The Grenson + Craig Green collaboration

LONDON — Craig Green has teamed with the British footwear brand Grenson on a capsule range as he prepares to stride fully into the accessories space later this year.

“The basis of the new collection is molding and creating volume and excess within garments,” Green said. The designer’s theme of molding also informed his footwear design as he aimed to create shoes from metal.

“When we started working on the shoes with Grenson, it was almost the idea of attempting to make the shoes look like toy soldier shoes,” Green said.

Green wasn’t given a brief and had creative freedom to design. He said he enjoyed adding his own twist to the brand’s classic style.

“It was as if you took them out of a mold and you are left with the central ridge on the toe-line — that kind of idea,” Green said. He said he added excess fold flaps to cover the laces, which resulted in a protective and workwear aesthetic that suited the brand’s ethos. Most of his collections are based around, uniform, workwear and functionality.

Green had dabbled in shoe design in the past. As a student, he created an eight-style range for Bally of Switzerland and he also collaborated with Purified Footwear for his spring 2014 range.

He also worked with Grenson creative director Tim Little in 2014 on a project for London Fashion Week Men’s, which led to this new partnership.

Green said he wanted to work with Grenson again because they have “a deep heritage in craftsmanship and they can make incredibly beautiful leather shoes. We are using what they do well traditionally and adapting and pushing things to fit in with the concept of the show. We have done shoes in the past, so it is not like it is the first launch of shoes ever, but it will be the first-ever shoes that will be sold in stores.”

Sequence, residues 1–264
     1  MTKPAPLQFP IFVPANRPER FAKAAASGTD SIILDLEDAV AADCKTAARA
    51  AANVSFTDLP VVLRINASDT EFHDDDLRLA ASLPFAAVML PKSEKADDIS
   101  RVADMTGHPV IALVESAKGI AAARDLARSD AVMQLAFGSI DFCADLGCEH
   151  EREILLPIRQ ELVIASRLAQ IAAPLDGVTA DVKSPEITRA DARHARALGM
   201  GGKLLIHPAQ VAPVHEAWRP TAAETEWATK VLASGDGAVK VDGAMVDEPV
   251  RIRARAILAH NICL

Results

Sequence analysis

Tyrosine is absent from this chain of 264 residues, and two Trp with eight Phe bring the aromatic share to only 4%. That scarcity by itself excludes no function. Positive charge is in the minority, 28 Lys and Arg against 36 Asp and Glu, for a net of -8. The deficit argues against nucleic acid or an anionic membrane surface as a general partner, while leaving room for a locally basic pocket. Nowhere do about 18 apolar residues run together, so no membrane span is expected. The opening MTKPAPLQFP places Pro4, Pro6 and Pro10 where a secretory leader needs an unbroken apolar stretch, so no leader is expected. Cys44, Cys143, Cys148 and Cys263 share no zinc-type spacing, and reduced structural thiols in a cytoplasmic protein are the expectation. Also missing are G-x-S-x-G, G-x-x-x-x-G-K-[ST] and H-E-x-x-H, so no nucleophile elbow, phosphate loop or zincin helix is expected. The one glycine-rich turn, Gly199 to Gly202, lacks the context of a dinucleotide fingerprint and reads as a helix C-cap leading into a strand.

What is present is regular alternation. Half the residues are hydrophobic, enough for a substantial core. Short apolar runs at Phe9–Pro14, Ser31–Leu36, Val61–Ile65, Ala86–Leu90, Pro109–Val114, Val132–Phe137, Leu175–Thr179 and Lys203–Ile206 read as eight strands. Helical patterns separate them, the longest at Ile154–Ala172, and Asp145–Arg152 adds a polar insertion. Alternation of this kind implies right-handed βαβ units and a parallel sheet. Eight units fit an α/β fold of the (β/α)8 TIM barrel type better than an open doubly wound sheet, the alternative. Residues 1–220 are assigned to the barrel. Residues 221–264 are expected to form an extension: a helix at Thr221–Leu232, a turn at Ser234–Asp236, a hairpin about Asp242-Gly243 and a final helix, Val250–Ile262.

Grenson specializes in brogues, boots, sneakers and moccasins has been hand-making shoes since 1866.

Little described Green as “so experimental and creative. The challenge of creating something, creating his vision out of a shoe in our factory, it is really about that.”

Moving into the accessories arena is a natural step, said Green, who started his label in 2012 and is known for his sculptural workwear aesthetic.

“It is a development season on season, and it is pretty exciting for small brands to develop accessory lines,” Green said. “We have developed shoes in factories before, and they ended up not being what we had intended, so we ended up using different shoes along the way. It is exciting to have a co-branded shoe that will be on sale this season.”

The shoe will retail for 440 pounds.

Last year he developed his core range and picked up stockists including Bergdorf Goodman and Mr. Porter.

“We are developing our accessory line with leather goods and bags, which will be launching in the next six months,” Green said.

“I guess it will be the same we play with classic materials and textures, that lend themselves to very classic and accessories, playing with the idea of functionality and multiuse objects, it is also the way we are approaching our accessories line. They are playful, functional and masculine at the same time.”

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